So back to my story. There were three high chairs at this store, and I haven't been able to find any anywhere else in the whole city, and I'm desperate. The cheapest high chair is $60. Yikes. Bikes. But it's really a necessity. And Gage is getting to the point where he needs to learn to start feeding himself, so he needs that tray in front of him - you know what I mean. So I went in and kind of indicated to the store lady (they have soooo many associates hanging out in the store, totally bored. Like, every five feet or so, you see an associate, standing there, waiting to help) that I wanted to buy that high chair, and...I don't know. She conferred with two other associates, one went away and came back, and nothing was happening. They were talking to me, but, as usual, I couldn't understand them. And, as usual, they just kept repeating themselves. Like I'll suddenly magically be able to understand them. So for whatever reason, they couldn't sell me that high chair. And I don't know why. So I just muttered, "Um, it's okay. Never mind, I guess..." and walked away. Blah. I told Summer this, and she said that she knows of a place where they're much cheaper, and that she'll take me tomorrow. Thank goodness.

So back to the movie stuff. We came home, and walked down Stinky Street to get home. Everyone was packing up their stuff for the evening. We stopped and chatted with this one fruit stand lady who has two adorable puppies - she is my favorite. I buy all my fruit there. Then wash it like crazy and peel everything possible before eating it. :) Hahaha!

So we got home, and the kids were all asleep, and I said, grimacing, " were the kids?" Usually, when I get home and ask that question, our baby-sitters in the states are like, "Oh, fine, no prob." Maria and Summer were brutally honest - "Oh, they were really, really bad." Hahaha! They said Gage was good, but that the other three fought and hit each other and screamed and pulled hair.... This is all normal for me, but I think it really traumatized them. I felt so badly. I told them that I'm so sorry - that we try to teach our kids correct principles, but that they don't always take those principles to heart. :) How embarrassing.

We had our very first virtual branch meeting this morning! It was really cool. People from all over China were logged in via skype or conference call. The president of the branch is in Provo, but the counselor who was conducting was in another city, the person who gave the opening prayer was in a different city, etc. So cool. It was testimony meeting, so if anyone wanted to bear their testimonies, they would unmute their microphone and bear their testimony. There were a couple of cities where two or three families were meeting together in one family's home, and I found myself feeling really jealous of them. How comforting it would to have another member of the church here to meet with us. But I found out that Chinese nationals are not allowed to meet with foreigners in the same meeting. So, if there are members of the church who are Chinese, they have to hold their own meetings. And we, as foreigners, have to hold our own meetings separately. They have this thing they read at the beginning of each week's sacrament meeting, I guess, where they remind us of our limitations - no proselyting allowed, etc. Which we know. We're very careful, I promise. Anyways, one family blessed their newborn daughter, and we got to hear that - their family was visiting via skype from the states to listen in. So that was cool. There seemed to be an Australian guy and his family in one city. Another man. who I think is probably my parents' age, is in China with his wife, and he told a really cool story - he was wearing his BYU t-shirt and was just out touring wherever, and another American expat came up to him and talked to him. She used to be active in the church, but hasn't been for several years. They sat and talked about the church for awhile, and she told him she wants to start attending our little virtual branch with he and his wife next Sunday. He said that he felt like he and his wife were put here for this American girl, to be examples to her and maybe bring her back to the gospel. So I thought that was cool.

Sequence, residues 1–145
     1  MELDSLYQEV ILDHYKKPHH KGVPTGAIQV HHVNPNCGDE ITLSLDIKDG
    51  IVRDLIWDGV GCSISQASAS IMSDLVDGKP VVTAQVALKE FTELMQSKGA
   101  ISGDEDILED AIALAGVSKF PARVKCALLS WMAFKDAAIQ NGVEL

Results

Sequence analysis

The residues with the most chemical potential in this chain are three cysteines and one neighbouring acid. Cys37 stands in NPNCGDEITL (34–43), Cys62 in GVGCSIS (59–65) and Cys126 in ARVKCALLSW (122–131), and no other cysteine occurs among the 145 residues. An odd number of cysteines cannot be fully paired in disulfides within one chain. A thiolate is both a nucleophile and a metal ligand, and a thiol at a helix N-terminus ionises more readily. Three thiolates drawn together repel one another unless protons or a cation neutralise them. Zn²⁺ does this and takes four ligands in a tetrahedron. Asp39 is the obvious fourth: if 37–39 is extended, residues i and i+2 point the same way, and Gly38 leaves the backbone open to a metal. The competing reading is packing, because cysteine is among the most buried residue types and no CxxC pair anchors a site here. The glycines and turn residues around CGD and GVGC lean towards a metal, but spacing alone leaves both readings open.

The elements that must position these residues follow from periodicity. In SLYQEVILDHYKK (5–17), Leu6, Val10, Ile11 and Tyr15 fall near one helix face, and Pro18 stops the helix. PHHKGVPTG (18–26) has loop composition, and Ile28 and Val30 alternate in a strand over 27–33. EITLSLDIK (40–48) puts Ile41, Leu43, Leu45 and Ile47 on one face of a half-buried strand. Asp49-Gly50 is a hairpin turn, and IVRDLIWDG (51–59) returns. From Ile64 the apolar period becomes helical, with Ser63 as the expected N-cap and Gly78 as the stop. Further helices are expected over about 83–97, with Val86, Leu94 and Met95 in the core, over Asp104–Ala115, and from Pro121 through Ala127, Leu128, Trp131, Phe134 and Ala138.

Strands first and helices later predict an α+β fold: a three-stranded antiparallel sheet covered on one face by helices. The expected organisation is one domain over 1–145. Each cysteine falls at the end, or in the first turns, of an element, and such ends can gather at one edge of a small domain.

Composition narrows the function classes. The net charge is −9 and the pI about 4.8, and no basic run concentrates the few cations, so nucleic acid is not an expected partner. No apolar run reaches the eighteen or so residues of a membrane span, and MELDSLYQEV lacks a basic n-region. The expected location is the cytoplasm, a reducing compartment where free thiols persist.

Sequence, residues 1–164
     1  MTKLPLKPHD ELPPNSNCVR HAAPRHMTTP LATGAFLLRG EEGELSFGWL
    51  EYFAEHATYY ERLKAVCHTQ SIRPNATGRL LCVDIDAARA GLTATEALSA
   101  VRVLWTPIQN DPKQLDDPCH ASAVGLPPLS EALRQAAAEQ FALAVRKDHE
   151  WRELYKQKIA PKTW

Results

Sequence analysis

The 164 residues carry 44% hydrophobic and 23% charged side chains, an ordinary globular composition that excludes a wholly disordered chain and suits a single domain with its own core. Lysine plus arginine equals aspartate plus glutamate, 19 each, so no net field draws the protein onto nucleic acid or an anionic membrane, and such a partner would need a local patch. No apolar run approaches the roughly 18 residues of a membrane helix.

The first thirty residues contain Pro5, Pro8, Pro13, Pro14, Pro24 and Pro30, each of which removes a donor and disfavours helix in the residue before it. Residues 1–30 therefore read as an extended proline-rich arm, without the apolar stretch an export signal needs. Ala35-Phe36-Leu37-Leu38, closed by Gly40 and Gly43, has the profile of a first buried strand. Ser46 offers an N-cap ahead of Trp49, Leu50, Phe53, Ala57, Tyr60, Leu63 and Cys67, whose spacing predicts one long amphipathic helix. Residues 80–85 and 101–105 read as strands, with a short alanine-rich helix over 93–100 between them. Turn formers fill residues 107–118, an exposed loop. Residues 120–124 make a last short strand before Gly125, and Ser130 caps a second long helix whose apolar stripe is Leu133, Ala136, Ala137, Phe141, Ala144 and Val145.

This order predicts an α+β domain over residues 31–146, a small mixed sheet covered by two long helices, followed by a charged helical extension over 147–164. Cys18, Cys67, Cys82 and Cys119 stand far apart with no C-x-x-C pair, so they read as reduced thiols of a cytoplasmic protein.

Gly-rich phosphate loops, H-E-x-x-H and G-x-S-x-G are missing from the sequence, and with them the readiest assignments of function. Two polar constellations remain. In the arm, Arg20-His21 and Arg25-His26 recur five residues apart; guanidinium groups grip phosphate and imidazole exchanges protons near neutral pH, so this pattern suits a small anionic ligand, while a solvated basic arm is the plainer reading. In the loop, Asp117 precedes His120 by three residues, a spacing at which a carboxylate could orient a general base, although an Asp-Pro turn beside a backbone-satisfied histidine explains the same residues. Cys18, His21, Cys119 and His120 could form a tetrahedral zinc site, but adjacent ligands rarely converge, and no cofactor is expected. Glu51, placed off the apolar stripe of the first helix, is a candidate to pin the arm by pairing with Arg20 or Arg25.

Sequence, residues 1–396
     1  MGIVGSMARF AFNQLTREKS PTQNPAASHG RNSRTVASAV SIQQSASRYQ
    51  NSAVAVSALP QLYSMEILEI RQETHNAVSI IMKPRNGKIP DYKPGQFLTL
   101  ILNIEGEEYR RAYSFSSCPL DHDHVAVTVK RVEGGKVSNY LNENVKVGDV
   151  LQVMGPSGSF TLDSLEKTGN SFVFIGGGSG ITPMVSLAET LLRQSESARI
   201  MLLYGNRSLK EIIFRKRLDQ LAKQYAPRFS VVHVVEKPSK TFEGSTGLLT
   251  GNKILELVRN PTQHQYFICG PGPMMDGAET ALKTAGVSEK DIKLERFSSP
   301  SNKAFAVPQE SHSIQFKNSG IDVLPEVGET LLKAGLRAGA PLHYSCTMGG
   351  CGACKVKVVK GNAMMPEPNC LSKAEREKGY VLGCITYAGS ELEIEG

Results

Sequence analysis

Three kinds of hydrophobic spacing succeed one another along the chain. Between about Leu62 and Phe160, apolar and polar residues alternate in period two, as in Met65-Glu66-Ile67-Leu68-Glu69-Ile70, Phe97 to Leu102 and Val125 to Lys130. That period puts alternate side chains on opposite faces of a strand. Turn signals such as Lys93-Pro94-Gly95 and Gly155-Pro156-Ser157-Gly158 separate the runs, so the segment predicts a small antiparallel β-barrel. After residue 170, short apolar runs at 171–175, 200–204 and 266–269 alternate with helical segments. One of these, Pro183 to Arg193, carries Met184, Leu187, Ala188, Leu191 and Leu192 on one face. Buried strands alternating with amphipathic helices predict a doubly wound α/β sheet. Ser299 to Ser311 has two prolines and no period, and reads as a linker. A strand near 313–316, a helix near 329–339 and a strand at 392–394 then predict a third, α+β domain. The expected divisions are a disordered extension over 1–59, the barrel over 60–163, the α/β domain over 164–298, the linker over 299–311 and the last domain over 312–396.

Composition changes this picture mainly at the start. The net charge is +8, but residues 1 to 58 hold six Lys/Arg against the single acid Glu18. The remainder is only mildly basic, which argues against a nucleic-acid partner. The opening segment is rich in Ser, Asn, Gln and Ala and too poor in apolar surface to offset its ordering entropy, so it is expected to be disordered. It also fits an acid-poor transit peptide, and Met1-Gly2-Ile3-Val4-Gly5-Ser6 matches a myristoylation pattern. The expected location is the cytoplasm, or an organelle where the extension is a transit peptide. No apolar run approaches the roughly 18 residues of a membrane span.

Because the branch president is out of town, we just had sacrament, but usually, they have sacrament and sunday school all in the same virtual meeting. That's how next week will be. And we've been doing our own primary lessons for the kids each week, so we'll just continue to do that, as well. So it was nice. It's been a nice Sunday.

I uploaded my first book to the iPad the other day - I saw the movie, "The Other Boleyn Girl," and wanted to read the book, so that's what I'm reading now. It's fascinating. I plan on getting lots of reading done while we're here.

The weather is getting less intense lately, which is so exciting. I want to find out when Professor Han plans to put in our kitchen. The day that he and his workers come to install it, I want to be out touring somewhere.

Yesterday the cable guy came to install our TV cable. It's soooo important to Professor Han, but dude. There are no English-language channels. Hahaha! Like we'll watch that much! I'm like, "Um, let's focus on important things, shall we? Like having countertops and a stove. Or maybe a bathroom fan or two." Priorities...

Well, the kids are fighting again. They're special. So I'm going to maybe feed them and shower them and all that crap that a mom has to do sometimes. :)

Love you guys.